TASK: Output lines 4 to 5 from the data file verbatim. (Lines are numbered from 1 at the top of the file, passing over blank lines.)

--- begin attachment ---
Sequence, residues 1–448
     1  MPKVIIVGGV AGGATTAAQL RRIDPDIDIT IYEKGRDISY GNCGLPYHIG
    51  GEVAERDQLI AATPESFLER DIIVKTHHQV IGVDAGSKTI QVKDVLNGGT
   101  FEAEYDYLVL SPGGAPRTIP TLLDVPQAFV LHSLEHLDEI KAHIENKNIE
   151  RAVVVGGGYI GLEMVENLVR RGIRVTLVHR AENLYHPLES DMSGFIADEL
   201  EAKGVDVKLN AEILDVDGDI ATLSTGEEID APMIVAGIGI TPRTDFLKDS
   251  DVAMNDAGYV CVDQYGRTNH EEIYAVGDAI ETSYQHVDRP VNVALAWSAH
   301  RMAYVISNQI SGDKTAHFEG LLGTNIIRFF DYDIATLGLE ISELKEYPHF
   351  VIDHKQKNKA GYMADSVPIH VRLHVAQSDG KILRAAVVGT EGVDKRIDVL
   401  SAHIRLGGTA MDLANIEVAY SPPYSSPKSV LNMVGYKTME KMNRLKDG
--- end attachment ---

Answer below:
   101  FEAEYDYLVL SPGGAPRTIP TLLDVPQAFV LHSLEHLDEI KAHIENKNIE
   151  RAVVVGGGYI GLEMVENLVR RGIRVTLVHR AENLYHPLES DMSGFIADEL